Handle points out that the emergence of Donald Trump has scrambled the model of the Three Languages of Politics. For example,
Even since Trump started his campaign, it seems to me that the progressives have been using “civilization vs. barbarism” rhetoric all the time. Not just the “breakdown in civility,” but also complaining about “chaos” and the potential collapse of the “international order” that was based on American strength guided by a progressive vision and set of values.
1. I do think that Trump created a new axis, of Bobo vs. anti-Bobo.
2. I think that progressives want to throw everything possible at Trump at see what sticks. But they have certainly not given up on the oppressor-oppressed frame. They still make the “white nationalist” charge.
3. As Jeffrey Friedman pointed out long ago, libertarians go back and forth between arguing for liberty as a value in itself and arguing for it as instrumental to social improvement, particularly economic prosperity and growth. I don’t think we are seeing anything new from libertarians. They argue differently depending on the issue, putting more emphasis on liberty as a value in discussing free speech and putting more emphasis on economic consequences when arguing for free trade.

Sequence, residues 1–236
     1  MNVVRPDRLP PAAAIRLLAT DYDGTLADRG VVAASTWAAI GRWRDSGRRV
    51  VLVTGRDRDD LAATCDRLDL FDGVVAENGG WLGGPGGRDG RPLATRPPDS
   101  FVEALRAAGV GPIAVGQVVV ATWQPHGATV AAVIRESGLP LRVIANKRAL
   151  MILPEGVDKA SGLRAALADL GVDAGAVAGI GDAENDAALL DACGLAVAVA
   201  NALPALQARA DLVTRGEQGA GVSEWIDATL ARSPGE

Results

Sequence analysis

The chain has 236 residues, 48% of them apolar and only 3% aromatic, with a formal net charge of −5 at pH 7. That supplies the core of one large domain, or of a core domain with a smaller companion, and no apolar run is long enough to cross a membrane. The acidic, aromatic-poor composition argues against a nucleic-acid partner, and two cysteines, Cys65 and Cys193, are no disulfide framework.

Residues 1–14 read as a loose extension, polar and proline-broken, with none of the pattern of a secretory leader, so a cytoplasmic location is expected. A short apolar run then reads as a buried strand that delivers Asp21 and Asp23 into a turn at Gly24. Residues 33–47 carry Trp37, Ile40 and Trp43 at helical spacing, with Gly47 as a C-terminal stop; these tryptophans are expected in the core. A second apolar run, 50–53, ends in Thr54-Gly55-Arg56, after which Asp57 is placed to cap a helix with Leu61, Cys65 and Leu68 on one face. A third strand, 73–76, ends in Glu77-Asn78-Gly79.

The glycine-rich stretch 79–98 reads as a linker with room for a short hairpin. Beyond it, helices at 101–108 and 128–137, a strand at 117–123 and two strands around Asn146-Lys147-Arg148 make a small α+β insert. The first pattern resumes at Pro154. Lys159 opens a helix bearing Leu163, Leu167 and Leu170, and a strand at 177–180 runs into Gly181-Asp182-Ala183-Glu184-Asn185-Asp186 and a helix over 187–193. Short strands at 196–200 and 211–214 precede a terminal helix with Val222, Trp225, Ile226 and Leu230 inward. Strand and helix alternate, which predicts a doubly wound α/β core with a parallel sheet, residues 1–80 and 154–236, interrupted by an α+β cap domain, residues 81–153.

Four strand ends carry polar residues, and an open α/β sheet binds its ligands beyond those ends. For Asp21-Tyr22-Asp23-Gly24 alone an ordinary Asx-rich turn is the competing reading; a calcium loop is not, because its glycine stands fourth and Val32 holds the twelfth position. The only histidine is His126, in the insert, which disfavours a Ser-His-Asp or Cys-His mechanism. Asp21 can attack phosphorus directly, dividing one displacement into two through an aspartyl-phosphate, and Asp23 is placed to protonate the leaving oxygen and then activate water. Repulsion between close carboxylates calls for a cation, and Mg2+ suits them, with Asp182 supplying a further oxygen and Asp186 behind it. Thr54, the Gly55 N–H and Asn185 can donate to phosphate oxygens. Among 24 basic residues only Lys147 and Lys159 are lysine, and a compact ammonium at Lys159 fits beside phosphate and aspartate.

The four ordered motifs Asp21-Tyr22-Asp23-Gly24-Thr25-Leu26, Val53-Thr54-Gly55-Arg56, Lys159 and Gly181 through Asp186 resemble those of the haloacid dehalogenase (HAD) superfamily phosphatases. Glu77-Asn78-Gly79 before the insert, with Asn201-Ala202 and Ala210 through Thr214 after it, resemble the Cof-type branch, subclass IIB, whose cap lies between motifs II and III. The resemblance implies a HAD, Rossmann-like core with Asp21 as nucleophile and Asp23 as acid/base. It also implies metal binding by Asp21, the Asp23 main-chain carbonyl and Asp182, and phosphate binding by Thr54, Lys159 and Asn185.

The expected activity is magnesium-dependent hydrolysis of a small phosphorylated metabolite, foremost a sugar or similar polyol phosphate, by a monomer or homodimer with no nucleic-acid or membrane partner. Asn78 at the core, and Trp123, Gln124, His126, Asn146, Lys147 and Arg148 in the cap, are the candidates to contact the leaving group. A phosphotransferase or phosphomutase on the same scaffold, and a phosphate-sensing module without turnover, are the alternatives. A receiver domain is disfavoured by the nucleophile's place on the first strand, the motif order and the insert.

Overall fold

4. Libertarians have got to be feeling pretty badly these days. I cannot imagine anyone talking about a “libertarian moment” without being laughed out of the room. In Europe, it looks more like a “fascist moment” nowadays. In the U.S., referring to Google, Facebook, et al, Joel Kotkin writes,
Whether one sits on the progressive left or the political right, this growing hegemony presents a clear and present danger. It is increasingly clear that the oligarchs have forgotten that Americans are more than a collection of data-bases to be exploited. People, whatever their ideology, generally want to maintain a modicum of privacy, and choose their way of life.
And of course, everyone’s idea of fighting the corporate hegemony involves enhancing the hegemony of bureaucrats in Washington.